Clean up syntax[edit]

The syntax for template parameters is mind boggling (esp., when using conditional parameters). parser functions are the same. Tables are very hard to read, as are nested lists (** instead of ' *'). About the first two, I suggest using one of the zillion templating languages out there.

Tables should not be entered in code at all. We need a table creation and editing feature.
A more readable template syntax would be a godsend.
God yes!!!
Just adopt tikiwiki's, it works fine.
I gotta agree, also bundling some good standard example templates would help..
I work on a twiki site all the time and find that their table representation is trivial to interpret compared to mediawiki.
                | Col1 | Col2 | Col3|
as compared to:
                | Col1
                | Col2
                | Col3
You realize | Col1 || Col2 || Col3 is an alternate syntax, and the double |s are used to allow for table cell properties and styles. Pomte 21:18, 15 June 2007 (UTC)[reply]

What have you Learnt?[edit]

For wikis that deal with basic knowledge, it'll be good to have a self-test section for students to know how much they have learnt. To make things simple for the programmer and the student, it can be limited to

  • true/false
  • multiple choice

Other than mathematics, this shouldnt be used for more matured topics as they are rarely that simple. Were it to be created for those kind of topics, its likely to be an attempt to impose some from of social conditioning by people small and large.

Inter-wiki Ideas[edit]

Support for WKML[edit]

Wiki Mark Up Language (WKML) is a group that seeks to create a XML based format for Wikis so that the information they present may be used by third party programs such as mashups.

This format should be created in a way that allows wikis to be syndicated similar to an RSS feed.

importing whole wikis/categories[edit]

Similar to the namespace and categorization issue is that whole namespaces can't be overlaid (or underlaid, meaning, only those names that are not defined locally will be looked up from the globals).

Today getwiki and tikiwiki both do wiki feeds fairly well, making them better choices than mediawiki for those who need to nest wikis. The feature of XML import of a whole external wiki is hinted at now on Special:Export but where's the specification?

One might want to export the entire contents of a MediaWiki, or certain sections of it to another format. For example Microsoft Compiled HTML Help (CHM). Likewise those with existing help files may very well like to make them available in MediaWiki format. Tools are available that can decompile a CHM file into folders and HTML files, and to convert HTML into CHM.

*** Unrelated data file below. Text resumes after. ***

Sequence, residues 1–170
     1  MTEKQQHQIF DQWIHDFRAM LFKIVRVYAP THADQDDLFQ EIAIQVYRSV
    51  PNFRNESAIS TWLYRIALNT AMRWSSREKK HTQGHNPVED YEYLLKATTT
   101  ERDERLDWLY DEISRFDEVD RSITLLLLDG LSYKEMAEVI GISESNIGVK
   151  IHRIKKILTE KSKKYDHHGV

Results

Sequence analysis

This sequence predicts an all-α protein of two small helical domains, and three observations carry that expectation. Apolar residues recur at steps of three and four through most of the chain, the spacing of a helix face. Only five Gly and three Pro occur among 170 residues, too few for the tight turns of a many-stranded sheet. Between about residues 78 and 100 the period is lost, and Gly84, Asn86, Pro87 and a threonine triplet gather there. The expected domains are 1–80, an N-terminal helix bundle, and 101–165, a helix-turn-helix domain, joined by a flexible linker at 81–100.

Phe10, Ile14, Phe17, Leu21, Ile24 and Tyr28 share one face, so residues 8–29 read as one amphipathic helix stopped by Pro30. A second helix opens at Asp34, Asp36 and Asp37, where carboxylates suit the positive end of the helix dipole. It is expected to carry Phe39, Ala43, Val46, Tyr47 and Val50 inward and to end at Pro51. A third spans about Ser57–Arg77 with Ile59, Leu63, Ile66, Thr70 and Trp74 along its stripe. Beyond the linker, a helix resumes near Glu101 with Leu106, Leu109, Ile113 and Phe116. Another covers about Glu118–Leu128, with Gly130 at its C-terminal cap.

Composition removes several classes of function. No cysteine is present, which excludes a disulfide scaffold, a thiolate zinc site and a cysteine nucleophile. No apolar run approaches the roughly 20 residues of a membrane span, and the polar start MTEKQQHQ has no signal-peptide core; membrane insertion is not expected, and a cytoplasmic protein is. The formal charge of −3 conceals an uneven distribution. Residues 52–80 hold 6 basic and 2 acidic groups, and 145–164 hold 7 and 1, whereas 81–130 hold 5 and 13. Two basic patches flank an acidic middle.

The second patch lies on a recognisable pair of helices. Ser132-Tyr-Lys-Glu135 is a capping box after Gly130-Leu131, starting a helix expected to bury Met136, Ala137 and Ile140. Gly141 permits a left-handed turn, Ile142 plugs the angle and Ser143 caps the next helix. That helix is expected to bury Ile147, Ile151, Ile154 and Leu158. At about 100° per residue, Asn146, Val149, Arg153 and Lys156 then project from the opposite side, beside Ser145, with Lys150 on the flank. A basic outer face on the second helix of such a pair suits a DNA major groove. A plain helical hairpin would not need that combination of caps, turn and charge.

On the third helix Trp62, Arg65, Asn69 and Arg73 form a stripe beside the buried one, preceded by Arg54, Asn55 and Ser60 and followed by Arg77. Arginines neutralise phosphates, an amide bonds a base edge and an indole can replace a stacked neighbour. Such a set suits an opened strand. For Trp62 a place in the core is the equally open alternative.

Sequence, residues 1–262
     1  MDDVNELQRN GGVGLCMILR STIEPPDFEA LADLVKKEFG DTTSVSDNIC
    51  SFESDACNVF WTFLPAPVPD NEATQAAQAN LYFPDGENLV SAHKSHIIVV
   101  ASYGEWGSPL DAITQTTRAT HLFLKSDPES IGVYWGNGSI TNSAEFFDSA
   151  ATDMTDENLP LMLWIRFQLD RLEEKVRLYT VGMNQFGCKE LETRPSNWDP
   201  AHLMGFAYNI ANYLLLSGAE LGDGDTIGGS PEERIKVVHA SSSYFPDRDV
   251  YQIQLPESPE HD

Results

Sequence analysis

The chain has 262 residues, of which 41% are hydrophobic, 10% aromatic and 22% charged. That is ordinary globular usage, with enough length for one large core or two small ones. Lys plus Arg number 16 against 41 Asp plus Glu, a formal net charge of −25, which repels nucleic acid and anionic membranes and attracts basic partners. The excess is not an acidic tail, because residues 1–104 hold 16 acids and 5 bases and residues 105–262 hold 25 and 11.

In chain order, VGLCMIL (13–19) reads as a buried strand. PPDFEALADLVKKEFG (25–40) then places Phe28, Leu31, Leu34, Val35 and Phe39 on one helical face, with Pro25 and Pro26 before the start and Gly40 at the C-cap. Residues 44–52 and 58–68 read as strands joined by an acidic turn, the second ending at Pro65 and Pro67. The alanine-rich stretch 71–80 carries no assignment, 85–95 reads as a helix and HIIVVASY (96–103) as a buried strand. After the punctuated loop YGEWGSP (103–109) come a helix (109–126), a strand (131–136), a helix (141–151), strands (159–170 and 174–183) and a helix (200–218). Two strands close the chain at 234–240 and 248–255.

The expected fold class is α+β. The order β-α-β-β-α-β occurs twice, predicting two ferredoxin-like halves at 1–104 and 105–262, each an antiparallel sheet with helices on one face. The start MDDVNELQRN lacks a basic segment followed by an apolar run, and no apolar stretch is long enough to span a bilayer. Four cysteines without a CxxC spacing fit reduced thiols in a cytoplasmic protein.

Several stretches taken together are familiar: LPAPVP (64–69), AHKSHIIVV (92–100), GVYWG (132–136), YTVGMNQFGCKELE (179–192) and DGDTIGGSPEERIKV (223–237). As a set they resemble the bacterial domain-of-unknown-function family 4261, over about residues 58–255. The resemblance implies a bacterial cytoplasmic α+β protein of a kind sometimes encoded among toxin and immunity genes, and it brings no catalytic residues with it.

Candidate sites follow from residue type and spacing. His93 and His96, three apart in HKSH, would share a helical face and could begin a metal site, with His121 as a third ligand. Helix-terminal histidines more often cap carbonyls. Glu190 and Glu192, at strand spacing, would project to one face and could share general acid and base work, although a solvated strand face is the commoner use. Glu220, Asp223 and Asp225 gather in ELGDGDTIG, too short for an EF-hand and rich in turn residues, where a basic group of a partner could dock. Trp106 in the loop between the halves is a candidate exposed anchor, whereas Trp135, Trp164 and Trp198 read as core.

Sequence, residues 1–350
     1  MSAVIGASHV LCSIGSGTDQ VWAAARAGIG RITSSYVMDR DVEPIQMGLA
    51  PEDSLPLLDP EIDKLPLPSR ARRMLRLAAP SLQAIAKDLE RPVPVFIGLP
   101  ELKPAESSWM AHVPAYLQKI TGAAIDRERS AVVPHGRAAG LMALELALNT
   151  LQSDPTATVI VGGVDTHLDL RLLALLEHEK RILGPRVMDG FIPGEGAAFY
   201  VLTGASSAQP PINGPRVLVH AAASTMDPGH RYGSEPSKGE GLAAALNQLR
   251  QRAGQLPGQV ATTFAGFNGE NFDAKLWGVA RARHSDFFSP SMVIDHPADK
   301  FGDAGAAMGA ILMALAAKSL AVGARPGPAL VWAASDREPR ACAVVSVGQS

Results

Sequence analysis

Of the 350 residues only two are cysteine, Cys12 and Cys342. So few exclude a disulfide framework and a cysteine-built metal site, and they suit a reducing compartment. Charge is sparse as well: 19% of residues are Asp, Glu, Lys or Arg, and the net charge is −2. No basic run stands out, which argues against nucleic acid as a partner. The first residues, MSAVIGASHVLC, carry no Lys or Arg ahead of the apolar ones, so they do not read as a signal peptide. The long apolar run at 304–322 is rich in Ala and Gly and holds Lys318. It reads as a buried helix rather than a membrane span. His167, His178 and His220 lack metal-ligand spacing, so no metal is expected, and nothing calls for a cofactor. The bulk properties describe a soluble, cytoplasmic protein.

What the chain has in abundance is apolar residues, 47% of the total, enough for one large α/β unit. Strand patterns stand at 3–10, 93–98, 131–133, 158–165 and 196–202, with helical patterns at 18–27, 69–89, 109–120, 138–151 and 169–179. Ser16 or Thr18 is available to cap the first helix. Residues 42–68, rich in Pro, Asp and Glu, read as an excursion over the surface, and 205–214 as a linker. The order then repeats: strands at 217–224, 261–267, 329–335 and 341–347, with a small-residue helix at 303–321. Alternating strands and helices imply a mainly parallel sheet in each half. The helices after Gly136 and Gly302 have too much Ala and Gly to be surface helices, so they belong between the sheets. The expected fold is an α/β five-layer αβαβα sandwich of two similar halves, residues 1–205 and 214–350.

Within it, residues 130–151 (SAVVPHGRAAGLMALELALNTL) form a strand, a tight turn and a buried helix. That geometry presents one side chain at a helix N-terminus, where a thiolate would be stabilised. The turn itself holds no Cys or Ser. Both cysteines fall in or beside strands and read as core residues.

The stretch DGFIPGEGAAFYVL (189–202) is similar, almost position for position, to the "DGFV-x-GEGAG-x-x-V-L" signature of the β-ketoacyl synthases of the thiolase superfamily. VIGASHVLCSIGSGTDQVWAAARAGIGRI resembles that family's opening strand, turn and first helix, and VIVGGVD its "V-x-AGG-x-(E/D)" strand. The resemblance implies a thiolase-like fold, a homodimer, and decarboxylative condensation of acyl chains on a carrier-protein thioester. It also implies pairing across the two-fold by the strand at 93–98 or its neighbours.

It would be good to have a system that would convert many linked html pages into MediaWiki Format. Being able to round-trip the data would also be ideal. That way helpfiles that are edited and updated by users on the wiki could then be packaged as CHM files and distributed to offline users of the software. While I'm using CHM as an example, there could other formats that could also be considered, especially since CHM is an old technology that will likely be replaced by an XML-based format. In that case providing this functionality may be easier to implement.

adjunct wikis / category feeds[edit]

Ideally different categories could be imported from different sources, for instance to refer to very improved articles at other public wikis where the article is being actively improved. This would enable the adjunct wiki proposal and let specialist wikis evolve, keeping Wikipedia at the center of those, rather than fighting with 'em.

Why should a wiki category feed be any more complex than an RSS feed?

Embedded Wiki[edit]

case in point: - the bug system is 'wikitized'. This leverages the power of wiki for things other than articles. As for mediawiki, the idea is to allow developers to create pages where the wiki content is only a part of the page (not the page).

  • Allow 'special' namespaces - where the rendering is taken care of by an extension (which, in the case of the bug tracking example will render bug lists, forms etc.)
  • Allow an API to easily parse wiki text - currently much work is being done by index.php and such and is tied heavily with a request cycle ($wgRequest)

the one watchlist[edit]

It'll be very good to merge the watchlists from many Wikis. For example: I work on plwiki and I check the watchlist, next I check next watchlist from enwiki, next from dewiki, next from ... If we merge the accounts (H:UL), why we don't merge watchlists. I will be much more effective.

I have now one userpage with links to all my watchlists. That's easy but I think one watchlist would be much better! SPQRobin 12:36, 9 April 2007 (UTC)[reply]

Inter-wiki copying of pages[edit]

Copying content from one wiki to another is a nontrivial task. The example I run into on every test wiki I build is the Help section. You can't copy one file. You need to copy each subtopic and all of the templates envoked by them. A possible solution would be to have direct links to the Mediawiki help pages included with the base installation, eliminating the need altogether.